Post-traumatic stress disorder: Someone with PTSD may experience negative thoughts about the distressing event, which can further cause distressing emotions. The traumatic event may also influence how people view themselves, their relationships, and the world. Negative thoughts may stem from these beliefs, such as “This world is unsafe and I can’t trust people around me.”

What is the #4 Main Cause of Negative Thinking? 

Apart from mental health issues, there may be other sources of negative thinking as well. These may not be the same for everyone and can vary from time to time. Some of these are:

1. Worries about the future

The future is unknown, but it can make some individuals think about the worst possible outcomes. While anyone can be drawn into worrying about the future, some may be too preoccupied with thoughts about uncertainty in the future.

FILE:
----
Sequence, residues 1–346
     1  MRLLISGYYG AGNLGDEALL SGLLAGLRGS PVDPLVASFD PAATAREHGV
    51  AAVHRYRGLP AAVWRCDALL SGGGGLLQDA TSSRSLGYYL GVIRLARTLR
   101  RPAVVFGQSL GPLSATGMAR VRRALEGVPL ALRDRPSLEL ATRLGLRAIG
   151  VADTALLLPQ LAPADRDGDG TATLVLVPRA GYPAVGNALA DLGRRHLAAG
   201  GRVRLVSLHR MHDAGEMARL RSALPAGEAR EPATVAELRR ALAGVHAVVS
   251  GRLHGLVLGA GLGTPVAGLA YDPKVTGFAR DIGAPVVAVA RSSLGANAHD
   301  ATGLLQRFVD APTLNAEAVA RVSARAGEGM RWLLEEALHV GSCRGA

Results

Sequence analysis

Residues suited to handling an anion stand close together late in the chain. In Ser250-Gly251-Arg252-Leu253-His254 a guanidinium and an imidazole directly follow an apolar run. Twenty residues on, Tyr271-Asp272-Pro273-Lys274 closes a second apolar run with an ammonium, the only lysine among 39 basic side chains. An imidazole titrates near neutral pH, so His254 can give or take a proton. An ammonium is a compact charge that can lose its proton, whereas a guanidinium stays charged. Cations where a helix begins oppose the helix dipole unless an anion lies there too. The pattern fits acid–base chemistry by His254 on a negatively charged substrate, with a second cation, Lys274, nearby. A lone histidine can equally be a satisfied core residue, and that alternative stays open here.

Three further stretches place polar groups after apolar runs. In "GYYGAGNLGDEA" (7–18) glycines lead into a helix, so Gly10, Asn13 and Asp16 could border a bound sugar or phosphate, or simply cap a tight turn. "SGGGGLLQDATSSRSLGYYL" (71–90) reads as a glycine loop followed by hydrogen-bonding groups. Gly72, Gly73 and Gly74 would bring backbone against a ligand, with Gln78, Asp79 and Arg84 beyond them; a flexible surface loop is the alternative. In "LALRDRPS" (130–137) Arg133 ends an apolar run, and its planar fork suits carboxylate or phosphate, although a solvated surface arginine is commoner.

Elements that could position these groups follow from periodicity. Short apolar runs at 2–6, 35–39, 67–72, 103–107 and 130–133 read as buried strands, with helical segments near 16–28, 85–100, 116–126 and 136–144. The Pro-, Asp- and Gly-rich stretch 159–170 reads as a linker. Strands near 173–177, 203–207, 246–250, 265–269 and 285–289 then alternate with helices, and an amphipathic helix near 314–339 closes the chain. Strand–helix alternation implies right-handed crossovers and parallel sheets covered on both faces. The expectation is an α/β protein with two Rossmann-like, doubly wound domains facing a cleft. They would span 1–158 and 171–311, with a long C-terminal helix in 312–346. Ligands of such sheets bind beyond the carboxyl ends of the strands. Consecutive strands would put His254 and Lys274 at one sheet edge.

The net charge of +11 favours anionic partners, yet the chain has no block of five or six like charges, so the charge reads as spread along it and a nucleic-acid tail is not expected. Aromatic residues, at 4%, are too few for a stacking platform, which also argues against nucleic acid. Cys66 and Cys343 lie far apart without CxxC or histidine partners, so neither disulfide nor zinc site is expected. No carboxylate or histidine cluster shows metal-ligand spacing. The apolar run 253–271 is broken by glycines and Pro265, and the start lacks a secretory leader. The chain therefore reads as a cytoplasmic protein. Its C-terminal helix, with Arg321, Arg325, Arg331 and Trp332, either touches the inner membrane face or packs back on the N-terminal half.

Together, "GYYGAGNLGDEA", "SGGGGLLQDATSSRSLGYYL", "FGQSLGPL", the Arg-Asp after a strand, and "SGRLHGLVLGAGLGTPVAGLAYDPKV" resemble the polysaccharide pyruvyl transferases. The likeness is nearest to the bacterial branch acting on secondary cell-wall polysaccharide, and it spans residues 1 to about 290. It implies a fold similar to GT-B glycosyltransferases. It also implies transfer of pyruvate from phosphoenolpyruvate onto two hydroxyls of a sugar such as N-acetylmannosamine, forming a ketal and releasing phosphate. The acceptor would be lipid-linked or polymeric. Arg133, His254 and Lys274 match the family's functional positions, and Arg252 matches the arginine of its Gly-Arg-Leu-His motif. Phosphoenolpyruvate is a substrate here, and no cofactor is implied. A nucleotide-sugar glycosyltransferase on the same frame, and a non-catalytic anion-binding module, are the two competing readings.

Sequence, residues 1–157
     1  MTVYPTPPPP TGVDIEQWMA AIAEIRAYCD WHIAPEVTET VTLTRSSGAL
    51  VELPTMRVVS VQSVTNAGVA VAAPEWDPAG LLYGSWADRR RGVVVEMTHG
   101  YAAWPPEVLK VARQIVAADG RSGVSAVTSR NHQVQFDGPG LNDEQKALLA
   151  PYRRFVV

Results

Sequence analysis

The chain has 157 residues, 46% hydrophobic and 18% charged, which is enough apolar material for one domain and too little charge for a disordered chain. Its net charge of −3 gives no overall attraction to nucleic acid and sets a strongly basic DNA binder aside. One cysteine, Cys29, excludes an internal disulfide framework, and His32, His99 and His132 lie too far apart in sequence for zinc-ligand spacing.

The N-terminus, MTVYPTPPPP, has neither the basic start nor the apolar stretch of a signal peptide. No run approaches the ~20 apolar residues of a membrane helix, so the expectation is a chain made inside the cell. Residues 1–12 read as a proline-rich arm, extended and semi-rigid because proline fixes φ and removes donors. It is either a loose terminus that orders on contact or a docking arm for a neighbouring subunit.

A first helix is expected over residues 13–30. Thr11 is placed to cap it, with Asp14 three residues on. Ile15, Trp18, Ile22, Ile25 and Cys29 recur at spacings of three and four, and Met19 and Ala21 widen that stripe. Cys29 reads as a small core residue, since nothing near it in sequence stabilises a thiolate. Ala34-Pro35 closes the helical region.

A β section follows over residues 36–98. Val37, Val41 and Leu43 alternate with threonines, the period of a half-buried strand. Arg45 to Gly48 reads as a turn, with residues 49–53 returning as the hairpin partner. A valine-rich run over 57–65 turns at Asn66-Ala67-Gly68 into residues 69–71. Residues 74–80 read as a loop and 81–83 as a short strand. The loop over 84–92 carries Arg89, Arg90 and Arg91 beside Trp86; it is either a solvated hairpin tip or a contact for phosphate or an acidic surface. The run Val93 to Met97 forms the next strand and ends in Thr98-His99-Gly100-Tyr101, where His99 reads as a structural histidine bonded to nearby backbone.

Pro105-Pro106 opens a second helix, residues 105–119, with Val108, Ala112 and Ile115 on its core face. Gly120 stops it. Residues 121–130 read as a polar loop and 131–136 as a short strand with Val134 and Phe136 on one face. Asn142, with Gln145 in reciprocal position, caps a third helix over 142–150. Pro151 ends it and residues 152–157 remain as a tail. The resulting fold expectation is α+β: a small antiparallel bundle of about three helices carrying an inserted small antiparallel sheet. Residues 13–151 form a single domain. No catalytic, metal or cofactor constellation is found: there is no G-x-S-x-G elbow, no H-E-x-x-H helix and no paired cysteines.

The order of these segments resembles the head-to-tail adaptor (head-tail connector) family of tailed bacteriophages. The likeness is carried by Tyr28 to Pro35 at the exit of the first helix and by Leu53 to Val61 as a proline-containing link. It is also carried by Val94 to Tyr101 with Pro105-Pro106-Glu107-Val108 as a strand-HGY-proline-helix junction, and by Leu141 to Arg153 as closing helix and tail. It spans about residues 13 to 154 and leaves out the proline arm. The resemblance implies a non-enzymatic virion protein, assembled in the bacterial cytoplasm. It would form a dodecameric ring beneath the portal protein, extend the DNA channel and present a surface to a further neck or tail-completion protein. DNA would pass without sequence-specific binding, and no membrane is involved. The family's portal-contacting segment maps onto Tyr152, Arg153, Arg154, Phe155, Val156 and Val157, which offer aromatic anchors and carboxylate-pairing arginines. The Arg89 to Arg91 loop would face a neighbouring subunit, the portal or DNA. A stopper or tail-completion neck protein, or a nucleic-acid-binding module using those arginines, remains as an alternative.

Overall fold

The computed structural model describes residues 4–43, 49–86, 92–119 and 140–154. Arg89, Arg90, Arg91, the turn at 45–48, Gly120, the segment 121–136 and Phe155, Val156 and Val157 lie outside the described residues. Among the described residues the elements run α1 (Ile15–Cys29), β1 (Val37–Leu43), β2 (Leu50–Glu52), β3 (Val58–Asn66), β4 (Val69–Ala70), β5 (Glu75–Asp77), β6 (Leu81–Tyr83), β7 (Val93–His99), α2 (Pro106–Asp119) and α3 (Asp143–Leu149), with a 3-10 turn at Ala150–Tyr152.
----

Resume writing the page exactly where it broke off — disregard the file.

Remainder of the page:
2. Thoughts about the past

Experiences from the past can make it difficult for some to focus on the present. These thoughts can be linked to shame, guilt, and blame. Someone with negative thinking will likely dwell on their past mistakes and failures.

3. Stress

Certain events in our lives can trigger the release of the stress hormone, cortisol. This plays the role of an alarm system and it warns us of an imminent danger.

For example, if someone in the office is spreading rumors about you, this immediately raises your alarms and subsequently the release of cortisol. This also paves the way for automatic negative thoughts or the worst-case outcomes. Positive thoughts are harder to think of, but negative thoughts are not so much.

4. Social media

Social media exposes us to all types of information. While there are filters to choose what we want to expose ourselves to, it can flood our headspace with negative thoughts. Information on social media is also a shortcut and quick, which can in many ways fuel social comparison, FOMO, and feelings of inadequacy.